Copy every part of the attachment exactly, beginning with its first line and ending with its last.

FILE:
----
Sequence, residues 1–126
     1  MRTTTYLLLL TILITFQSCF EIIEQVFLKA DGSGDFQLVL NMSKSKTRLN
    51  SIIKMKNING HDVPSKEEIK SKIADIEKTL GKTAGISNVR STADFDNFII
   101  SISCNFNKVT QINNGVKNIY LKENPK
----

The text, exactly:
Sequence, residues 1–126
     1  MRTTTYLLLL TILITFQSCF EIIEQVFLKA DGSGDFQLVL NMSKSKTRLN
    51  SIIKMKNING HDVPSKEEIK SKIADIEKTL GKTAGISNVR STADFDNFII
   101  SISCNFNKVT QINNGVKNIY LKENPK